Tommy Lee. Tommy Lee really did punch his fiancée in the face for insulting his mother. It's bad in the movie, but it's even worse in the book. In the book, he knocks her teeth out. This leads to a moment of introspection about how out-of-control they're getting, and then they get even more out-of-control. The movie just moves on, leaving it up to the viewer to connect this sordid act to the ones that come later. The movie downplays how bad these guys actually were. It shows the ugly stuff, but it doesn't show it as ugly as it really was. It's weird to call a movie this much sex, drugs, and violence "sanitized," but it is.
Razzle. Vince's car accident that killed his friend Razzle happened pretty much just like that, though. In the book, Vince's legal troubles and their impact on the band as a whole gets a much deeper dive, but the fact that Nikki never went to visit him in jail or in rehab due to his own worsening heroin addiction is true and very depressing. More on Vince later.
Nikki's addiction. The movie does a good job of showing how squalid and paranoid Nikki's heroin addiction made him. And according to him, he really was revived from overdose death with two adrenaline shots to the chest, though former Guns N' Roses drummer Stephen Adler disputes this.
Zombie Dust. The drug cocktail favored by Nikki and Tommy gets name-checked in the movie, but it doesn't get explained. The book has the facts: "A mix of Halcion, a nervous-system sedative, and cocaine, a nervous-system stimulant. Crushed and stored in vial. When consumed, keeps body awake but shuts brain off."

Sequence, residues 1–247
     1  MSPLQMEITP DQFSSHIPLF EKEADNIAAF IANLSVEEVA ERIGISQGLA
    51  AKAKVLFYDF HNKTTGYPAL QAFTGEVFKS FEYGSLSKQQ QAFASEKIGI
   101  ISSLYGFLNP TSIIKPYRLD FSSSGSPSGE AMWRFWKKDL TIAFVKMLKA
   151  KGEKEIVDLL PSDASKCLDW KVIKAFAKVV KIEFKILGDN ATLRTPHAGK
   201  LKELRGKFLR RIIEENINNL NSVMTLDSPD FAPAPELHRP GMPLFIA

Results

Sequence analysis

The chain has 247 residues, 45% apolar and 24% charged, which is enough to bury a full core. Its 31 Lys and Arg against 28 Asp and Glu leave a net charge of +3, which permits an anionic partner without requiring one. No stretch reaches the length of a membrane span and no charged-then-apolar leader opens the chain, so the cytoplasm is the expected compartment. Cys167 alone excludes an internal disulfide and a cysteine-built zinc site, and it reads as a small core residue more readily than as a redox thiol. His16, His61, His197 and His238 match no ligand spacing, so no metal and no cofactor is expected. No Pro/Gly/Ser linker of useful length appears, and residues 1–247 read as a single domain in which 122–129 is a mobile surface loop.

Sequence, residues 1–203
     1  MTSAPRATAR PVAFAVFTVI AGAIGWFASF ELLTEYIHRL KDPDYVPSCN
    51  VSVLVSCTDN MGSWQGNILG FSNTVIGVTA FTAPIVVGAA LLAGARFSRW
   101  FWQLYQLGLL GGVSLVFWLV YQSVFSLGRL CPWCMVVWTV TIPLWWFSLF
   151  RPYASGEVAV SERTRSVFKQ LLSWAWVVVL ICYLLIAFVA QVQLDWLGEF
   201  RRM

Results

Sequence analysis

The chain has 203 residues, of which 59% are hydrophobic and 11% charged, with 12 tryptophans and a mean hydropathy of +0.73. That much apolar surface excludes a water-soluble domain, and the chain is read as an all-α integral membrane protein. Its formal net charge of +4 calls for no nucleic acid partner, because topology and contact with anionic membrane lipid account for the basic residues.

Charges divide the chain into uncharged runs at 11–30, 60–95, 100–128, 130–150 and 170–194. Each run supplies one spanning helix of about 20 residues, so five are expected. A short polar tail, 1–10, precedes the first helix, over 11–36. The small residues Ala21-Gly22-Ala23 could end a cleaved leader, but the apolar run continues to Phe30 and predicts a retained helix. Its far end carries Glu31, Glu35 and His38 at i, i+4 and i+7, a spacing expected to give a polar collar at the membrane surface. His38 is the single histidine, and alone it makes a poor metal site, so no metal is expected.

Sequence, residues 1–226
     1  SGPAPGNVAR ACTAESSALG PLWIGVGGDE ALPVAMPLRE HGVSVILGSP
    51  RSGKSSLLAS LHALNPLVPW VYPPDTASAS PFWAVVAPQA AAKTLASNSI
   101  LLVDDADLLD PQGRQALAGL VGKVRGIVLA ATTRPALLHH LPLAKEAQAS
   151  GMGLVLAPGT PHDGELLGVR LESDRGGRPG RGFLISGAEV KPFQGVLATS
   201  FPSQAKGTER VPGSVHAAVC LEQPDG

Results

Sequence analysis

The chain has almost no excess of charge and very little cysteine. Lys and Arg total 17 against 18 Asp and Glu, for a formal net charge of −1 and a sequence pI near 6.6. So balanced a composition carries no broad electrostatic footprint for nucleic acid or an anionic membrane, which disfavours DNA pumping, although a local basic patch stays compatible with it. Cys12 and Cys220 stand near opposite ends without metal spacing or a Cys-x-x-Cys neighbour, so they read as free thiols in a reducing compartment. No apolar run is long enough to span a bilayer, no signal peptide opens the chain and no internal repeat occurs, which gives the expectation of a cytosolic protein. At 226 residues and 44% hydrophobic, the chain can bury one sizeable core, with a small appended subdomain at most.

Vince Neil. The movie's biggest fictionalization is how it portrays Vince Neil's life. His first wife, Beth, and his second wife, Sharise, are composited into the character played by Leven Rambin, and his daughters get composited, too. When Vince's wife left in the movie, it was after he came home from the Dr. Feelgood tour, and their daughter left behind a note telling him she loved him. In the book, however, there's nothing about a note. Vince says that he came home in 1986 from serving his 19-day manslaughter sentence to find that Beth had left with their two-and-a-half year-old daughter Elizabeth and took everything in the house except Vince's Rolex and his Camaro Z28. This is the only time Elizabeth is mentioned in the book. Their exit from his life prompts Vince to slide deeper into hedonism and build a mud wrestling ring in the backyard (Vince loved to watch strippers mud wrestle) and befriend a coke dealer named Whitey. Vince was on probation for manslaughter due to drunk driving at this time. His daughter who died, Skyler, was with his second wife, and that happened in 1995. The Dr. Feelgood era/Vince quitting/his daughter getting sick/the band reuniting section of the movie happened over a much longer period of time than it felt like in the movie. Vince's relationship with his family in the movie is played to make him sympathetic in a way he is not in real life. The real Vince Neil has continued to drive drunk and assault women (sometimes in the presence of Nicolas Cage).
Cutting room floor. There are so many crazy things in the book that didn't make it into the movie. Their manager before Doc McGee and Doug Thaler was a guy named Coffman who would get drunk and have Vietnam flashbacks. He made some shady deals with the band's money and disappeared. At one point in the book, Tom Zutaut claims that he saw with his own two eyes how Nikki's dalliances in the occult led to knives actually flying around Nikki's house of their own accord, and Nikki got so scared that he changed "Shout with the Devil" to "Shout at the Devil." There's a misadventure in Japan where even relatively level-headed Mick Mars lost his mind, and Nikki was arrested for hitting an innocent bystander with a bottle of Jack meant for their tour manager. The Japan trip is a turning point in the book, but it would have felt like a subplot in the movie. It's fine that all this stuff didn't make the cut. The movie is 90 minutes of uncut debauchery and degradation as it is.